Just cut down your intake of the morning news.
Seems weird, right?
You think you’d have to quit your job or take other drastic steps to feel significantly happier.
Even though this is what CBS morning news anchor Michelle Gielan did.
She resigned from her “dream gig” a few years ago when she realized delivering steady doses of negative news was making her “tired and crabby” in a way she didn’t like.
Dang, I wished she would’ve called me before she left her highly paid position.
As an old guy I could’ve given her super advice about how to be tired and crabby without worrying about it one bit.
Instead she talked it over with her husband Shawn Achor, a psychology researcher.
This was the best move – as Michelle and her husband’s company teamed up to conduct an exhaustive study on the impact of negative news on happiness.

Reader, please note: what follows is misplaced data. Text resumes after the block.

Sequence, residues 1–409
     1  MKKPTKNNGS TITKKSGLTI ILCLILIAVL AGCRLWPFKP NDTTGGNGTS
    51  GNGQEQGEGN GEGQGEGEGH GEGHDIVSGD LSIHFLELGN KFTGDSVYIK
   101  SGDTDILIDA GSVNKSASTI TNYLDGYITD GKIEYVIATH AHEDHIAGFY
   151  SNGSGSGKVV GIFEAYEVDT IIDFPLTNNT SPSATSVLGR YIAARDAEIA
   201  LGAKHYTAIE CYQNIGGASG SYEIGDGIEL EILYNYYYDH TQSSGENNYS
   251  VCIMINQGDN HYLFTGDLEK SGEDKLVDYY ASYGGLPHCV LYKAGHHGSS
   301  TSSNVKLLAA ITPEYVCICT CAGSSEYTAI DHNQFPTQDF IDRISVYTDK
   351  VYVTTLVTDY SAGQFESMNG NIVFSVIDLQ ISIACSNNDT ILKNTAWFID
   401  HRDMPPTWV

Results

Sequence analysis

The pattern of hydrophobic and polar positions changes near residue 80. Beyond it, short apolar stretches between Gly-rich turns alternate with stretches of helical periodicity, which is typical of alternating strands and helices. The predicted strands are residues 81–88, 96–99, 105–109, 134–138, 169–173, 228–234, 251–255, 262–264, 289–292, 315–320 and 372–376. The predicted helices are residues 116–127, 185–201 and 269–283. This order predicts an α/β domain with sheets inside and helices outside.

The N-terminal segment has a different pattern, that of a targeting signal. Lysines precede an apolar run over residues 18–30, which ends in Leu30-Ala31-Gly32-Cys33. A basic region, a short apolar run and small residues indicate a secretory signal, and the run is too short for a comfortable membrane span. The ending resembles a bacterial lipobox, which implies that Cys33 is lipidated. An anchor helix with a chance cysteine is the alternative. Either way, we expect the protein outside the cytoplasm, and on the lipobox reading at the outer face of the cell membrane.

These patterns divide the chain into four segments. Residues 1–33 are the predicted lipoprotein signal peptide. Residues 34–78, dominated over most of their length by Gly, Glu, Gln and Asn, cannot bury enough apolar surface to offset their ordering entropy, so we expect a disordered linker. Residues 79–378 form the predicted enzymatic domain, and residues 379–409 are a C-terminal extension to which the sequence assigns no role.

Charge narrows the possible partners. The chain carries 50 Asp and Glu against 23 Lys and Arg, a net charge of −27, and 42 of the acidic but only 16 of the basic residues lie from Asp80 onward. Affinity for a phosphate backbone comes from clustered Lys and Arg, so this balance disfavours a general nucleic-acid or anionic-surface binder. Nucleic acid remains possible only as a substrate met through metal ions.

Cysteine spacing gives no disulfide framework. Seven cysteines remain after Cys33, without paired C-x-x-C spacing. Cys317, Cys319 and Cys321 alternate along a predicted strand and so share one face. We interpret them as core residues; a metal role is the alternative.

Here’s an interesting takeaway.
People who watched or listened to the news (with all of its negativity) in the morning reported feeling 30% more dreary and irritable than those who watched or listened to the EXACT same news reports in the evening.
She now takes great joy in telling people they don’t have to go into a shell or flee from current events to be happier – they just have to be more selective WHEN they turn to their favorite media outlets to catch their local and national news.
Turn on the news from 6 am to 9 am – even if only for three minutes – and you may dampen your mood for the rest of the day.
Turn on similar news from 5 pm to 7 pm – for the first time – and you may find yourself leading the next chorus of “Oh, Happy Day.”
As you might suspect, the absolute worst time to watch or listen to the news is during 10-11 pm.
Apparently getting hit by negative news late at night makes a whole lot of people tired and crabby and also turns them into baggy-eyed insomniacs.
I think I’m one of those people receiving too much negative news late at night.
I better stop watching the Tigers for awhile.
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